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Cantata BWV 17
Wer Dank opfert, der preiset mich
Discussions - Part 3

Continue from Part 1

Discussions in the Week of February 5, 2012

Ed Myskowski wrote (February 5, 2012):
Introduction to BWV 17 -- Wer Dank opfert, der preiset mich

Weekly reminder:

This week we continue Trinity season cantatas with BWV 17, the last of three works for the 14th Sunday after Trinity.

Details of text, commentary, recordings, and previous discussion are accessible via: http://www.bach-cantatas.com/BWV17.htm

The link to commentary by Julian [Mincham] is especially recommended as an introduction to listening, music examples included.

The BWV 17 page has convenient access to notes from the Gardiner [6], Koopman [7] (notes by Christoph Wolff), Suzuki [11], and Leusink [5] CD issues, via link beneath the cover photo. The Kuijken CD also includes his own informative notes (not linked), and is recommended for those who enjoy (or would like an introduction to) OVPP performance practice.

The chorale text and melody are accessible via links at the BWV 17 page. Francis Browne has recently added new commentary on the cantata texts to his interlinear translations, linked via [English 3]. We can expect these to continue, not necessarily weekly. Douglas Cowling and William Hoffman are also posting relevant to chorales and other music for the Lutheran Church Year, accessible via LCY pages.

I do not always take the time to check all links before posting. Special thanks to the folks who provide timely corrections.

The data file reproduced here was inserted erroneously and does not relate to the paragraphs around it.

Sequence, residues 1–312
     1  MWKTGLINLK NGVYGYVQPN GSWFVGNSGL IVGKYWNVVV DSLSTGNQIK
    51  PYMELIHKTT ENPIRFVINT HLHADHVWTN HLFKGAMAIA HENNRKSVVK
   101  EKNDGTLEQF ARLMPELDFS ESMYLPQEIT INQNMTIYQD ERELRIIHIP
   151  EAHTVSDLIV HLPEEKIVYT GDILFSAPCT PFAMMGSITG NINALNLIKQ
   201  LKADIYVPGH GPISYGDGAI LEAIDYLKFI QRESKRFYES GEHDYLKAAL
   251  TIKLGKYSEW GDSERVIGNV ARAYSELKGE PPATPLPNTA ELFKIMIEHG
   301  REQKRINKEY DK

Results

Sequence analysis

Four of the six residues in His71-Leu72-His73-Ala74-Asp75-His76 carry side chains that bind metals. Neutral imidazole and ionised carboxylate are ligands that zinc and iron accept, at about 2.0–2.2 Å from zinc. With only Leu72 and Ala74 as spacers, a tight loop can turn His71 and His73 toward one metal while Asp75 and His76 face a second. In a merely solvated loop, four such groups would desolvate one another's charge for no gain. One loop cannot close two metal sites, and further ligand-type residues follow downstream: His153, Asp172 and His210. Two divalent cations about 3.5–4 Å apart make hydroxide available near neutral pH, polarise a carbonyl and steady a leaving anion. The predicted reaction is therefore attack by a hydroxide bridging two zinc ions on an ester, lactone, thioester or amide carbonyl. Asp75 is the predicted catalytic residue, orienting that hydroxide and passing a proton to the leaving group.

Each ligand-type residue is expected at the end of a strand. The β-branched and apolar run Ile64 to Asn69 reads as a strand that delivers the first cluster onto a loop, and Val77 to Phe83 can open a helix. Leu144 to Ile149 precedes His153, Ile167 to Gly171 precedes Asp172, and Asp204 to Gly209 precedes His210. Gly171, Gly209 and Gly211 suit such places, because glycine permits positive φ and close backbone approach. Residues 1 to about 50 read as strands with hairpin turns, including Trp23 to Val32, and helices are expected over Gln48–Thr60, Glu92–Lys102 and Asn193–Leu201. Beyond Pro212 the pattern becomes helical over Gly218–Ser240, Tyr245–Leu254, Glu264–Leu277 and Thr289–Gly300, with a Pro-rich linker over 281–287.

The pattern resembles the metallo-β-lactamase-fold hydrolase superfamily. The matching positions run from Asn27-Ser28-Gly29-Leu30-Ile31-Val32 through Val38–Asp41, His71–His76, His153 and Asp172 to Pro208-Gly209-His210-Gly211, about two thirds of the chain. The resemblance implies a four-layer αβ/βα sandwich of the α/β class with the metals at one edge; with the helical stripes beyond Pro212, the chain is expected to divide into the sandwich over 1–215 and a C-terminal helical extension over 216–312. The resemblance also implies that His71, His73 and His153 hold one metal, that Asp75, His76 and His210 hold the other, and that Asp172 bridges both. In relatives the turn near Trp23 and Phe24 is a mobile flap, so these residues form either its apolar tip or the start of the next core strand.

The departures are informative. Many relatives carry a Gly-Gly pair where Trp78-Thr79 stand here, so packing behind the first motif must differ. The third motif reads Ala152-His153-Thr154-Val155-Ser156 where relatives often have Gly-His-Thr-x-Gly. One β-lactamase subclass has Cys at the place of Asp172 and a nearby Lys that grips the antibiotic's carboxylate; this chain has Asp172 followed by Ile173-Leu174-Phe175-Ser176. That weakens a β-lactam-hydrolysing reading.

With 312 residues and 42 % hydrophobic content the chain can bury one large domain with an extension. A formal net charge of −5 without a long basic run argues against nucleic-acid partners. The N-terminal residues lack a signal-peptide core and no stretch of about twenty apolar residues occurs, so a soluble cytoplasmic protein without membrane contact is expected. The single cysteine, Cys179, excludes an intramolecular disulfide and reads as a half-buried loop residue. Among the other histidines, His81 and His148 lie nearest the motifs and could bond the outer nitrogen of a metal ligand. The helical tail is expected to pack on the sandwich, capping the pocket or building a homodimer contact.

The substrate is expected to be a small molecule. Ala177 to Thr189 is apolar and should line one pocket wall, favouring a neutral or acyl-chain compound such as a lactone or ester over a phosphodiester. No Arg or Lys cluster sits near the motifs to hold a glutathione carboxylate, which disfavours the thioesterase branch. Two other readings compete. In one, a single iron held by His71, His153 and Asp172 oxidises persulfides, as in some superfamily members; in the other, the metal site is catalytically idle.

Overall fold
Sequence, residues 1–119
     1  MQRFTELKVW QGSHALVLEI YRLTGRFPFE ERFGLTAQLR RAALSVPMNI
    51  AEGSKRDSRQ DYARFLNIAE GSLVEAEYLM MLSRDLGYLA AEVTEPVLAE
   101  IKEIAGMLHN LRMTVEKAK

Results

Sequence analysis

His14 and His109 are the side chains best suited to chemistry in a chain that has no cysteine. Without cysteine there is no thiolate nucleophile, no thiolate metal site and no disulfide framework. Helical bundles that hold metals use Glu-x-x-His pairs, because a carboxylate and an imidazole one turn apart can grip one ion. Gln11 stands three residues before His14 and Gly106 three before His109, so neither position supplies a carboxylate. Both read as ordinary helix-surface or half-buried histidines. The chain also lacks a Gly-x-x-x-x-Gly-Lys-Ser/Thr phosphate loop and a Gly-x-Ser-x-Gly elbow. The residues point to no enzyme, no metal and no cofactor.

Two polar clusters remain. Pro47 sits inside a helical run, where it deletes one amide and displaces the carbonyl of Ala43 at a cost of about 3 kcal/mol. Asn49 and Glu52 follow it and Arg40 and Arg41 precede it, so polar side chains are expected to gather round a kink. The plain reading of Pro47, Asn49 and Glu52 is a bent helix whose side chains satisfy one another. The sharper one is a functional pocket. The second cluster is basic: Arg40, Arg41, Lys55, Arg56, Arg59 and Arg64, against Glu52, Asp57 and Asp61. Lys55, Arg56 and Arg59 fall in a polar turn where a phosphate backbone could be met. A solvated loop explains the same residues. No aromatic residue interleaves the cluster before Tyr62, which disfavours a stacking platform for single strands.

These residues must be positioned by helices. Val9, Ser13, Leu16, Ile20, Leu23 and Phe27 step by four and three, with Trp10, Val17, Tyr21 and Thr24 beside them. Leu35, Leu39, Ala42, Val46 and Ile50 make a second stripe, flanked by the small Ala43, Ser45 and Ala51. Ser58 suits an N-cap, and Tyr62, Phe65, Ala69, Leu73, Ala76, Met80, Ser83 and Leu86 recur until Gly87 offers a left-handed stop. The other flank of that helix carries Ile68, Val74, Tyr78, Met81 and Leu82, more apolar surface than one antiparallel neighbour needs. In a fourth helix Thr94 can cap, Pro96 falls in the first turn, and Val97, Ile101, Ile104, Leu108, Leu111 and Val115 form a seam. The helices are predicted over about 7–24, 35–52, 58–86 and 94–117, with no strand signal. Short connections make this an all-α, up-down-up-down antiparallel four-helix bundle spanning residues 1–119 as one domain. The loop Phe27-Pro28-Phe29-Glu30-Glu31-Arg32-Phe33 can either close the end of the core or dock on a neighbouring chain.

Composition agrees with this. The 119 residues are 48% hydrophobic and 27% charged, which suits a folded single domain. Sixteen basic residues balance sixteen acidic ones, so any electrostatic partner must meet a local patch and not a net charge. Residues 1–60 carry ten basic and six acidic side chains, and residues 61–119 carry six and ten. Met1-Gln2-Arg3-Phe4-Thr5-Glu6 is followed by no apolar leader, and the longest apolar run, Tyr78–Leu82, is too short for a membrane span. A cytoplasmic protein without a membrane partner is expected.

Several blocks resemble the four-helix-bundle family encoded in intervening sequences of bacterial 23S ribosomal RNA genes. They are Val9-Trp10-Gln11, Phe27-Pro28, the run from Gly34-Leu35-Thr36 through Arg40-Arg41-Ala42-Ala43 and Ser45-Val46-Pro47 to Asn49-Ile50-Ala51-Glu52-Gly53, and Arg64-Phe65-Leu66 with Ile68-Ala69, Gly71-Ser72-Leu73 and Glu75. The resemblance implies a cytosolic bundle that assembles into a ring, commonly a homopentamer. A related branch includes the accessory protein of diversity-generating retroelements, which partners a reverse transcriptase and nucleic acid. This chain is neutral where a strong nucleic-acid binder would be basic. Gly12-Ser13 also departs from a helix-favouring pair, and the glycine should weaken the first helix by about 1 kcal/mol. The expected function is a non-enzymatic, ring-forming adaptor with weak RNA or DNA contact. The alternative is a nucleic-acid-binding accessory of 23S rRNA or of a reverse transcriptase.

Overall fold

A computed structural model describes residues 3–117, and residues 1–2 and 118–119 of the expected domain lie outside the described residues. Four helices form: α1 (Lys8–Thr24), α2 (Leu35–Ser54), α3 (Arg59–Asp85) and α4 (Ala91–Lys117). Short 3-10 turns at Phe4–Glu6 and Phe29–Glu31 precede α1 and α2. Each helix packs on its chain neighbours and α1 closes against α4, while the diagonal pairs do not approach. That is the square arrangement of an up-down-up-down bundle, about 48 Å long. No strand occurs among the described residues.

Francis Browne wrote (February 5, 2012):
BWV 17 Notes on the text

This cantata for the 14th Sunday after Trinity was performed on 22 September 1726. During that year Bach had performed 18 cantatas written by his cousin Johann Ludwig Bach who served at the ducal court of Saxe-Meiningen from 1703 to his death in 1731. Ernst Ludwig (1672-1724) the Duke of Saxe-Meiningen, is said to have written two cycles of church cantata texts. Literary and historical evidence suggests that one of these might be the cycle from which Bach drew in composing Cantata BWV 17 ( as well as BWV 39, BWV 43, BWV 45, BWV 88, BWV 102 and BWV 187).

These cantatas and those of Johann Ludwig Bach generally follow a typical pattern : the work is shaped by two corres­ponding passages from the Bible, one from the Old Testament and one from the New. The
text of Mvt. 1 is from Psalm 50: 23; the fourth movement is based on the passage in St. Luke 17: 11-19 which tells of the Samaritan who, alone among the ten lepers that Jesus cured, returned to give thanks. The main subject of the cantata is therefore gratitude.